In the 3rd case when the clutch is not locked there are two possible cases. The torque is (1) limited to the amount that the clutch can transfer  or (2) just apply the current clutch torque. For some mystical reason I did the second one. I just found the first one commented out in the code, don't ask why :D


for example:

the maximum clutch torque is 400Nm

the engine is producing 200Nm and the pedal is at 25%, so the current clutch torque is 100Nm in case of linear clutch.

In this case the actual torque that goes to the gearbox and accelerates the wheels is 100Nm

In an other example the pedal is not pressed and the clutch is at 100% the max torque is 400Nm

In this case I add all the 400Nm to the gearbox, even if the engine produces only 200Nm


First this seems odd, but this only happens for only one iteration and the clutch gets locked instantly and the angular velocities are fixed together.

Handling the clutch lock/unlock scenario is very important in this case. The slipage of the clutch is not related to the pedal position but the torque that goes through it.

So with little amount of throttle the clutch can handle all the torques from the engine even if the pedal is only half way down.

And as you start pressing the pedal so decreasing the clutch torque it only gets unlocked when the transferred torque exceeds it (in any direction).


Detecting lock is simple, just check if the angular velocity difference changes sign :)

simplier: when the wheel starts turning faster that the engine (after applying the torque) - or slower in case of engine braking.




The friction model also seems to be reasonable, but harder to find that "scaling parameter", and without proper damping the wheels will always over accelerate and will never sync just oscillate back and forth like a suspension without damper.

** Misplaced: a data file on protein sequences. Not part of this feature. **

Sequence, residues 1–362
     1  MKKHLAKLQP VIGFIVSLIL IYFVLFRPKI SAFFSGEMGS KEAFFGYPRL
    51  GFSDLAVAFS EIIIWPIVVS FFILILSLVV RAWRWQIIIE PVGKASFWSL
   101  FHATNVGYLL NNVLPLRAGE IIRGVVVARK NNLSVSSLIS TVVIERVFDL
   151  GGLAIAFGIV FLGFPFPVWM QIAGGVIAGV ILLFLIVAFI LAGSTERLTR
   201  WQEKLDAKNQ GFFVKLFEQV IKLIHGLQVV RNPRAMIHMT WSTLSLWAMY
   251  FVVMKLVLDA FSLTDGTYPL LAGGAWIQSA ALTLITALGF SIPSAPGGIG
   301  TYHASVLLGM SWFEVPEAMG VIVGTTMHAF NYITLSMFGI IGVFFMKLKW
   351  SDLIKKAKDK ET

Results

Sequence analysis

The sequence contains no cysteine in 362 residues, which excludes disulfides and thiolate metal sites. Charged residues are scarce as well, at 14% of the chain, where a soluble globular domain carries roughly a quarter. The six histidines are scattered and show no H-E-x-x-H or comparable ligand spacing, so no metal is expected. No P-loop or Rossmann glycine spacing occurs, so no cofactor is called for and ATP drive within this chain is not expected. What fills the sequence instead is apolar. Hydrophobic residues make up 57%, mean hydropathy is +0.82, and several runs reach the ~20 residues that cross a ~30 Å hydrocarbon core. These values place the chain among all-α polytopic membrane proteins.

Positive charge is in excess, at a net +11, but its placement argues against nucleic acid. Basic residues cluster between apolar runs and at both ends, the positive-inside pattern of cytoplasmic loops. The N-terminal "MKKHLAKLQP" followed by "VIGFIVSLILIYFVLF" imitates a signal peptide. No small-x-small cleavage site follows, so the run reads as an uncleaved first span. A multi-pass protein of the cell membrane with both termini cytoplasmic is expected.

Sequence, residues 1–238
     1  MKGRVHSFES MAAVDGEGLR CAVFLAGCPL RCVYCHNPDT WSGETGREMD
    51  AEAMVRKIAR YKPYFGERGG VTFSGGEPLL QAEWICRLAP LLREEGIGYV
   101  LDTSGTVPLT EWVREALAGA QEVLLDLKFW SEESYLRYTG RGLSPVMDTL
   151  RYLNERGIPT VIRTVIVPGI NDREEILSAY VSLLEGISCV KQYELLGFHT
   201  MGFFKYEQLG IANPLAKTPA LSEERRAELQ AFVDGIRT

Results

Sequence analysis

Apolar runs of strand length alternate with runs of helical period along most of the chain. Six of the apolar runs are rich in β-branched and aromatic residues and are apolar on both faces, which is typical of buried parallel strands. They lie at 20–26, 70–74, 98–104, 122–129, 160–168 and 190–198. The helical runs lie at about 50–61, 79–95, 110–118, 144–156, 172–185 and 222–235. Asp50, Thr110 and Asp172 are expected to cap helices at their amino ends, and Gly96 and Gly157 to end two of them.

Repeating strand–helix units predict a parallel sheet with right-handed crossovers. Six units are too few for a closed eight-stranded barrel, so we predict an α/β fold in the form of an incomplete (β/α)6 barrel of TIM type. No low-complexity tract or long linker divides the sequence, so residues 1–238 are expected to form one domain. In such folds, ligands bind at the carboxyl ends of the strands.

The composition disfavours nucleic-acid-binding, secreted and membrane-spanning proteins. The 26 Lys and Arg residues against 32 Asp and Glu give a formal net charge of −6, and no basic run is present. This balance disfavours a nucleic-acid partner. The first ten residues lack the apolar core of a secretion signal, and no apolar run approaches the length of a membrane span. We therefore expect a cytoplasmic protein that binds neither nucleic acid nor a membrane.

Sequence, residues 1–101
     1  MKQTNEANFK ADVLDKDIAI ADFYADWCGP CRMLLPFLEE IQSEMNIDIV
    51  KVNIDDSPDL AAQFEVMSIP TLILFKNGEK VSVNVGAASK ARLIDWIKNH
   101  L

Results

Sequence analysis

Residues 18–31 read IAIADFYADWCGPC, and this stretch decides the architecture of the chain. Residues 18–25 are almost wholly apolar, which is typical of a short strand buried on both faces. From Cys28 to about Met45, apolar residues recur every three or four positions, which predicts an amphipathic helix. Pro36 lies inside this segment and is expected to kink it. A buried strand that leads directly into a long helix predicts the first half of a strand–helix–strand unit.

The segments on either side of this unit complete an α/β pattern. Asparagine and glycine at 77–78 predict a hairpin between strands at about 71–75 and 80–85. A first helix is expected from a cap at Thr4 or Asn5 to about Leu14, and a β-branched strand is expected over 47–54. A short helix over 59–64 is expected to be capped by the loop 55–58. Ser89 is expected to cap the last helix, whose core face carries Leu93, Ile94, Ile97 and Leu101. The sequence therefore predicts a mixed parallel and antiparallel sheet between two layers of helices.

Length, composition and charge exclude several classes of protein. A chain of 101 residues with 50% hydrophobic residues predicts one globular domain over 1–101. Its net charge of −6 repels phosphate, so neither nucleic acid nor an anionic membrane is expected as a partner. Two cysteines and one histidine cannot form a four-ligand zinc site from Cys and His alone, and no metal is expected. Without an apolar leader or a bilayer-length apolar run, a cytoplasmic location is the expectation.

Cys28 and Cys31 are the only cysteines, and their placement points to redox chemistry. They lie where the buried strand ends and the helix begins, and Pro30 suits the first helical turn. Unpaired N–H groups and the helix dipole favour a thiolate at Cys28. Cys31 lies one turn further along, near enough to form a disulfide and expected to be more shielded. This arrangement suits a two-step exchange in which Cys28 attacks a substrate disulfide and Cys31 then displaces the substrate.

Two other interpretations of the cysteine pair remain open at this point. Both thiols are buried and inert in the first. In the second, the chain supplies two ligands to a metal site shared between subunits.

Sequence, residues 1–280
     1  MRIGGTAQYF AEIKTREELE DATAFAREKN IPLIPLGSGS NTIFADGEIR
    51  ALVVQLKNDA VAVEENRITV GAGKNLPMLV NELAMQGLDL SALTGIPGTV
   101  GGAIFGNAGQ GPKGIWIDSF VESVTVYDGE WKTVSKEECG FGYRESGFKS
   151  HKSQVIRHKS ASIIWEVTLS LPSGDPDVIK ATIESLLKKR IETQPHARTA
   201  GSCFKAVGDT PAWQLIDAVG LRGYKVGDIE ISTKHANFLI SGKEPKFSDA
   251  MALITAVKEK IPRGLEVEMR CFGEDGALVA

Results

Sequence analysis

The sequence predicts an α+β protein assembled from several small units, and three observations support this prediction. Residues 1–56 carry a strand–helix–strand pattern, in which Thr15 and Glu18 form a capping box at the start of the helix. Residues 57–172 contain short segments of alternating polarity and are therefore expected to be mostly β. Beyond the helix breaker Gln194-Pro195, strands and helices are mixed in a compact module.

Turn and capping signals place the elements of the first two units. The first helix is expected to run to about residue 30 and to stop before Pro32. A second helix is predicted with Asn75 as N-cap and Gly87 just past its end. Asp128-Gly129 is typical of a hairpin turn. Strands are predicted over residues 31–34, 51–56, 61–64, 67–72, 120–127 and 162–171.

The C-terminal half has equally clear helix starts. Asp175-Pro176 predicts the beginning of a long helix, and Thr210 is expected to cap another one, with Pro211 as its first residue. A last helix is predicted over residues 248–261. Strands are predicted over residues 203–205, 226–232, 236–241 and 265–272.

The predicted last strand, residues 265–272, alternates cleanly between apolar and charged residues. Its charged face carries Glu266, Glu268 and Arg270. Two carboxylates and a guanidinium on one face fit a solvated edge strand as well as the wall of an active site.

Also the clucth will never lock instantly and you'll probably have a nice lag.

I never tried this one so I'm not sure ;)

In Topic: How Does Traction Control Work?

04 April 2016 - 05:14 PM

I want to find out how does the traction control system in car's work. I'd be really grateful if somebody explained it + added some equations :)

I think the traction control has nothing to do with physics and there is no equation, it's just a "programmed" logic that handles the "too-much-slip" situation.

As said above applying brake and cut-off throttle are both used.

I've been only using the last one so far and quite happy with that. The main difference is when you are applying brake, different torques can apply on each wheel, while when cutting off throttle will affect both wheels.



OK! So that's what actually allows you to have realistic simulation on keyboard without a car that slips like crazy and can't start movement due to slip ratio around 1000000? If so, than this is good thing. I kind of think that it shouldn't be that hard to simulate.

That's something different. You should be able to drive with keys without traction control.

Seems more like low-speed-slip situation, when you divide with ground speed in your slip ratio calculation. Try capping the value between -1..1 or -1..10 maybe :)